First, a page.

Victorian hair art
Sep 1, 2014 | by Becky Oeltjenbruns
Artists have always experimented with a variety of media: found objects, paint, wool, metal – the list is almost endless. But perhaps one of the most exotic examples is something we all have an ample supply of: hair. Yep, that’s right – our beautiful locks used to provide the inspiration for some very stunning pieces. Lyndsie, the owner of Retro Rejuvenation, recently added a great illustration of Victorian hair art to her collection. Seeing the fine workmanship got us thinking – what is this artistry all about?
A brief history of Victorian hair art
Before the days of photography, hair tokens were the best way to celebrate friendships, showcase a love affair, appreciate family history, or honor a loved one’s death. Because hair won’t decay, a certain mystical quality is lent to the final product. After all, there isn’t much the average person can handcraft that will last indefinitely (provided you don’t let it sit out in a rain storm). The example from Lyndsie is over a hundred years old, but has retained all the luster from the day is was diligently woven. Creating hair art and wearable jewelry pieces remained popular into the mid-1920s. But we’re pleased to report the exciting news that these techniques are experiencing a renaissance in our modern times!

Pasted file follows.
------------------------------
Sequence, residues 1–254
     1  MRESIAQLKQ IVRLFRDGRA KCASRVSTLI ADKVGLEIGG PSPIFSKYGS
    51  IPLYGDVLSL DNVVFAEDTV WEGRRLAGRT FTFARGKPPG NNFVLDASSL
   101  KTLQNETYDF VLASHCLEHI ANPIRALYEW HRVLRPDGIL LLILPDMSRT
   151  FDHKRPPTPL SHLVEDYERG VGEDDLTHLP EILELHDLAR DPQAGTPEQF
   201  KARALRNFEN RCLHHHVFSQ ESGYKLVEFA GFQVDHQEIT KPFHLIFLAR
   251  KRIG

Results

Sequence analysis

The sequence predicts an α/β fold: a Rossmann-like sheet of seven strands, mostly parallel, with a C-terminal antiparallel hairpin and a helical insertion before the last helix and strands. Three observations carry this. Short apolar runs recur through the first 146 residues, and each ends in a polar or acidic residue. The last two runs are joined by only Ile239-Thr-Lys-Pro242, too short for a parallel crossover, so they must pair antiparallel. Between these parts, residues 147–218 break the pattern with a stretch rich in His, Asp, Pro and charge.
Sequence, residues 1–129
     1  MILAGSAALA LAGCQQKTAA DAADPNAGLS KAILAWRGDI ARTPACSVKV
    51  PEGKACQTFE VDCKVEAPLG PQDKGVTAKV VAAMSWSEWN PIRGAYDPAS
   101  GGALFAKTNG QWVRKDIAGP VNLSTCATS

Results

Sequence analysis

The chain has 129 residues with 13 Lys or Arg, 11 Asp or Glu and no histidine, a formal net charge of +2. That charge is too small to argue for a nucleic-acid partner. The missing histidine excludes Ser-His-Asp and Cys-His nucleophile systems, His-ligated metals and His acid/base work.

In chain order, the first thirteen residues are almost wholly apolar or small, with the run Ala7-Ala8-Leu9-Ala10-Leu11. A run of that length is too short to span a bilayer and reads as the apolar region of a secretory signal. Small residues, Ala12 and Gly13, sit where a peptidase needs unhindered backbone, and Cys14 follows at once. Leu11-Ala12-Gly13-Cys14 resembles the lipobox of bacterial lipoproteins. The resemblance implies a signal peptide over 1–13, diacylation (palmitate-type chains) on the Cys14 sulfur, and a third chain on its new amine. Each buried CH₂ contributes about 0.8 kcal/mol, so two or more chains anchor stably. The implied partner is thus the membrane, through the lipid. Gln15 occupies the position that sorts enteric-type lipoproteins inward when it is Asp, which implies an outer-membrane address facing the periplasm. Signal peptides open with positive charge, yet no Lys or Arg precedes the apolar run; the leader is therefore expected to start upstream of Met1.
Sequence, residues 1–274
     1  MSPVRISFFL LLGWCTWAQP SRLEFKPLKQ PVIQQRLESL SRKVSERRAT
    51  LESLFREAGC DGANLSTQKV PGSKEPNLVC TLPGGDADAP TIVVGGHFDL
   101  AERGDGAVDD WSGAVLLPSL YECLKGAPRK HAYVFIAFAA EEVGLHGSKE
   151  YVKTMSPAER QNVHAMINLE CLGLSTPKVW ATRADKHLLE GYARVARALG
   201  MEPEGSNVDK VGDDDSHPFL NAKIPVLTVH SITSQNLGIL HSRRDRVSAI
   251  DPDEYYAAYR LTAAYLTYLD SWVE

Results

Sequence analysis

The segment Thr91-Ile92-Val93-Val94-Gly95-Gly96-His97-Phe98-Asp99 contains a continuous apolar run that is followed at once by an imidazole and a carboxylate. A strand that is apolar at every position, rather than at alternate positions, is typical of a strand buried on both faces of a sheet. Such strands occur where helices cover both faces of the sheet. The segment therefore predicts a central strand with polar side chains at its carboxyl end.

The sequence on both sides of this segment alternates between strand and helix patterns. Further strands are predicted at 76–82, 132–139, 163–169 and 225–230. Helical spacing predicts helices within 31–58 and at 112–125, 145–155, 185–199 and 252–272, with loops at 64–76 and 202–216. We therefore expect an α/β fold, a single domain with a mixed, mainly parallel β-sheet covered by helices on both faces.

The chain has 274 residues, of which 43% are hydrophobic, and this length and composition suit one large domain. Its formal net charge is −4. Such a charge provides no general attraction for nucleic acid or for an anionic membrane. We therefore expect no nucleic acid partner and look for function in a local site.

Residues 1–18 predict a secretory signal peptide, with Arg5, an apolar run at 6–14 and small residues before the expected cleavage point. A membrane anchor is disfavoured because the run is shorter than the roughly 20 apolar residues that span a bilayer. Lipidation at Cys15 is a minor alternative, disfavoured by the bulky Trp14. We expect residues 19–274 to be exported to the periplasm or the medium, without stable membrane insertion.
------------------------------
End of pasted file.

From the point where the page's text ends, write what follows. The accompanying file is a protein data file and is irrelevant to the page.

Many feel this form of expression started in Scandinavia, with women braiding bracelets made of human hair. These were given as love tokens for couples who were enjoying a successful courtship. What is commonly seen as a way to mourn loss, was actually used for many other purposes as these origins show. After all, many a lady and school kid would keep scrapbooks of friends’ locks. We adore this appreciation for sentimentality and next we’ll discover more about the example Lyndsie shared with us.
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A few words on Victorian hair wreaths
These detailed pieces weren’t just used for mourning – they were the guardians of a family’s lineage, growing in circumference as time slipped by. Weavers would collect hair samples from family members, creating individual flowers that would represent each one of their loved ones. Then these flowers would be placed in a U-shape. Much like the rest of the wreath, the geometry also holds significance. By keeping the tall “arms” reaching upward, it signaled the heavenly aspirations of each person. When a person passed away, their flower would be lovingly placed between the arms for about a year out of respect. The flower would then be moved to its rightful place among their predecessors, expanding or elongating the U.
For our readers: What do you think about hair as art? Would you wear a locket of your loved one’s hair?